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Paper: Dispersal of Disks Around Young Stars: Constraints on Kuiper Belt Formation
Volume: 324, Debris Disks and the Formation of Planets: A Symposium in Memory of Fred Gillett
Page: 168
Authors: Hollenbach, D.; Adams, F.C.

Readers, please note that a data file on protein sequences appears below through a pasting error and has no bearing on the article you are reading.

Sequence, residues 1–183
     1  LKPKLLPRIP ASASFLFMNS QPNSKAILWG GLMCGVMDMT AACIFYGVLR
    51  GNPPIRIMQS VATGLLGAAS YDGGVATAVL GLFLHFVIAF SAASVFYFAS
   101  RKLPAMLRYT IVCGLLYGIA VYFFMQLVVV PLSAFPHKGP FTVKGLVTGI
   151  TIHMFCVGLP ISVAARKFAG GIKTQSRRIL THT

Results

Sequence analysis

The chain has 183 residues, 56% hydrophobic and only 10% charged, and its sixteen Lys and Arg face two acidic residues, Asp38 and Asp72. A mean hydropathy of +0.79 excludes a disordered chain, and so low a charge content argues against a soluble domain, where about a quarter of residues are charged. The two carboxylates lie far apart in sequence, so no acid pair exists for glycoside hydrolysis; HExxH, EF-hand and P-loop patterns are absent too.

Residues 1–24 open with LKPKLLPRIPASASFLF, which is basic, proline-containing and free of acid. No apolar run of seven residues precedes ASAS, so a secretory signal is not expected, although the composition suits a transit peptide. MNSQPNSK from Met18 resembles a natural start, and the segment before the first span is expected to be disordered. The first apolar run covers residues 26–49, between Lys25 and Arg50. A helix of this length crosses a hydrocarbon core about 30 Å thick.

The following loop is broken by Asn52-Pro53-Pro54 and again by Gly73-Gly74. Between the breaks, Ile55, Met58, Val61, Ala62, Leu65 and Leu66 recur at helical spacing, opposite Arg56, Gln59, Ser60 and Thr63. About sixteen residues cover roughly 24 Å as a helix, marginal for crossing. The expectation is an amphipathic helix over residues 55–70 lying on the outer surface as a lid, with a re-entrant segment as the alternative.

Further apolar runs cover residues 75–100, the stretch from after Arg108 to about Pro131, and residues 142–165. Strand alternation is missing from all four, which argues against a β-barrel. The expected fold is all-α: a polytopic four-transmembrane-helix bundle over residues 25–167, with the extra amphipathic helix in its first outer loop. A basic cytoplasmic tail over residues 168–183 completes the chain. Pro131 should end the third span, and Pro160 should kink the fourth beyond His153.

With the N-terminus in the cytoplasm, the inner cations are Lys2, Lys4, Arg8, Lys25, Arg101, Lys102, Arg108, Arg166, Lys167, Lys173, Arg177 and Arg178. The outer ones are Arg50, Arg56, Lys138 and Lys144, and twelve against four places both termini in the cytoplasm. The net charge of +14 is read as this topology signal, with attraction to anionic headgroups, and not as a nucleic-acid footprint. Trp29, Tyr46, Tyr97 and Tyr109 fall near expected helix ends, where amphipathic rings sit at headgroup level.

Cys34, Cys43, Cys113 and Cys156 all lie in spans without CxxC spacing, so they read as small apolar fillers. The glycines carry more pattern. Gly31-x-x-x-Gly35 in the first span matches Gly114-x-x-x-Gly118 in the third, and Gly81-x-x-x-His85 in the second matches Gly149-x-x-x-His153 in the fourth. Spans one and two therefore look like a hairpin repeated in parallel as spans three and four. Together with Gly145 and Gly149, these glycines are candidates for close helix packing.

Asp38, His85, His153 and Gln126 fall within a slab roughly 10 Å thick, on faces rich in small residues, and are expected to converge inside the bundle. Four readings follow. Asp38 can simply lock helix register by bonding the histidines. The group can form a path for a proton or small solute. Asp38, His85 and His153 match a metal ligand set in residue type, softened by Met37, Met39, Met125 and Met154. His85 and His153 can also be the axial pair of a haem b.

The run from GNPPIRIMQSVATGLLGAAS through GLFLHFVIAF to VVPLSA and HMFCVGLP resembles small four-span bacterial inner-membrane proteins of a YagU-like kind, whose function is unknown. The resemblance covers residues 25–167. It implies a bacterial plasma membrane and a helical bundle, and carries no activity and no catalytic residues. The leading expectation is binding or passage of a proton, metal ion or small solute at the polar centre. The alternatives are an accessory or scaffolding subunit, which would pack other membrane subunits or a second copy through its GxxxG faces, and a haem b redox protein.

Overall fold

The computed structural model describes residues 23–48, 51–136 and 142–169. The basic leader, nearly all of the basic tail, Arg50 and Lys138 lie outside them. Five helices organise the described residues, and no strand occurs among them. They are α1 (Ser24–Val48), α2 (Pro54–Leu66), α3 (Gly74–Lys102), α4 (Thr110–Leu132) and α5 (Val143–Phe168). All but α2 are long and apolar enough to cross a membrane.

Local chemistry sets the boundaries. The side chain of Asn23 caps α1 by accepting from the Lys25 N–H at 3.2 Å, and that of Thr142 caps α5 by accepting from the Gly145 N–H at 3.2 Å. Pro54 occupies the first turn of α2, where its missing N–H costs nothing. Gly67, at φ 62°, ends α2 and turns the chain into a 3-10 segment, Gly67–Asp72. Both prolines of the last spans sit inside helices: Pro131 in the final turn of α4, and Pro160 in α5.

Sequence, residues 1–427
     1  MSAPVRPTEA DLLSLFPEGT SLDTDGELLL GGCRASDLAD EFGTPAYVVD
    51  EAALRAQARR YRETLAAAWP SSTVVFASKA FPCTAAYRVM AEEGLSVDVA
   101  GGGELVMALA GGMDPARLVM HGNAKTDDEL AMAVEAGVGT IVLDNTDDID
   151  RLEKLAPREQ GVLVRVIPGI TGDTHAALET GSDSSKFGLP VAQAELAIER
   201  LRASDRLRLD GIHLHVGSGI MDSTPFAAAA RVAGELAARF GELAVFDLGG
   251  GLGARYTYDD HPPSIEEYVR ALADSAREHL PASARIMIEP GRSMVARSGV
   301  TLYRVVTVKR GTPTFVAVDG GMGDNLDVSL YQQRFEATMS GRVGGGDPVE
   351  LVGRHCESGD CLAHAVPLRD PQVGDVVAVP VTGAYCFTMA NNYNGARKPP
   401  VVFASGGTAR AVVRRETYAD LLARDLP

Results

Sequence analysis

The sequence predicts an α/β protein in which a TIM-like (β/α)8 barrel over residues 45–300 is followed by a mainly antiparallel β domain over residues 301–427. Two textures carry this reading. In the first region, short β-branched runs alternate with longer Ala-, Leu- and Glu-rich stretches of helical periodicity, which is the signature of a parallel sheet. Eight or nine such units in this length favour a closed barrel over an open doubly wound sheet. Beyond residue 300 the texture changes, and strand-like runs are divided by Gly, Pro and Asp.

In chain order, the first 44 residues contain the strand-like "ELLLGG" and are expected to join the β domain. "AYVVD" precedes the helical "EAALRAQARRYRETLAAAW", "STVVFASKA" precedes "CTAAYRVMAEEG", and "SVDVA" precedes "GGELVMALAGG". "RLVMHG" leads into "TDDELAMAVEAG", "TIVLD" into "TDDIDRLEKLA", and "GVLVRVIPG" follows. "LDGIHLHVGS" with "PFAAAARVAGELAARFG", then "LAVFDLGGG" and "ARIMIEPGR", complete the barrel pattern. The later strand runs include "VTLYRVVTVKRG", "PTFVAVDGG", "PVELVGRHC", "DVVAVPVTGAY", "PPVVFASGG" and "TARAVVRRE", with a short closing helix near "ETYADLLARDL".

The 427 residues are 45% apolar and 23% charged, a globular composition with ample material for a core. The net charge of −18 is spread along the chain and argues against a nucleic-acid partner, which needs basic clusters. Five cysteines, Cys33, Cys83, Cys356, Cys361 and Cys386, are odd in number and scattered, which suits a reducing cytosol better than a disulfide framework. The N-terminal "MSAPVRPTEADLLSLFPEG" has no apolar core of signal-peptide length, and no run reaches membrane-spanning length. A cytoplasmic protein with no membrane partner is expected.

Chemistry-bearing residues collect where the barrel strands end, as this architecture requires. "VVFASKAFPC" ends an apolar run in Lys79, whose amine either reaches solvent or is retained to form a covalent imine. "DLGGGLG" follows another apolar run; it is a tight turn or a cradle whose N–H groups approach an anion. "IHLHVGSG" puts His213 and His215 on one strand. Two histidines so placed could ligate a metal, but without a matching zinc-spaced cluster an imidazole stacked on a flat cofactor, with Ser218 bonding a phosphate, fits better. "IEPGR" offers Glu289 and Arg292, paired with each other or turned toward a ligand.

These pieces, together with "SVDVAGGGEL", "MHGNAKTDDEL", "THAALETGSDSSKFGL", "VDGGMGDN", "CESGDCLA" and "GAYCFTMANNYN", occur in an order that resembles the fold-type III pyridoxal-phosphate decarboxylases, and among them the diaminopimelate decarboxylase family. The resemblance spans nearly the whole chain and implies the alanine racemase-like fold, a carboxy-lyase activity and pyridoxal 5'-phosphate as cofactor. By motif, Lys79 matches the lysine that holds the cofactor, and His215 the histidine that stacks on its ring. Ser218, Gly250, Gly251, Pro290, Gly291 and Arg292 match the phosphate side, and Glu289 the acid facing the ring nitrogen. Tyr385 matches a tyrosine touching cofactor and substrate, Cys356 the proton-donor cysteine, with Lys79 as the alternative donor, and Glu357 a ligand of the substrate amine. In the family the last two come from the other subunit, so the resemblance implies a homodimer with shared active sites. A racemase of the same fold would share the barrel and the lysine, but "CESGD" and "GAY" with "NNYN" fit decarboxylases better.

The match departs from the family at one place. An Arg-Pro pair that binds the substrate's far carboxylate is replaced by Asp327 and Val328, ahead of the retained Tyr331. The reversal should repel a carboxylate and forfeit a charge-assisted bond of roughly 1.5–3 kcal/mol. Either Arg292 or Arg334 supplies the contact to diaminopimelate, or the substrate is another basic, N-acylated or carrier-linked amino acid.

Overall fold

Abstract: Photoevaporation is expected to be the dominant dispersal mechanism for the outer regions of dusty disks around young stars. The gaseous disk surface is often heated by ultraviolet photons from either the central star or a luminous nearby massive star in the star-forming cluster; the heated gas evaporates to interstellar space and drags along small dust particles. In this paper, we focus on photoevaporation driven by nearby massive stars and study whether photoevaporation can remove the outer disk material before the dust coagulates into large particles (with size a ≥ 0.1-1 cm), large enough to resist entrainment in the evaporating gas and remain in orbit to form Kuiper Belt objects. If the dust is carried off with the evaporating gas, the formation of Kuiper Belt objects is suppressed and the production of debris dust particles is also suppressed. We find that dust coagulation occurs rapidly enough that Kuiper Belt formation is likely to take place inside about 50-100 AU, even around low mass stars in dense clusters like the Trapezium. However, photoevaporation will cause a sharp cutoff in the formation of low eccentricity Kuiper Belt objects beyond this radius for Trapezium-like conditions. Different initial cluster environments can result in quite different amounts and extents of debris dust around stars of similar age and mass.
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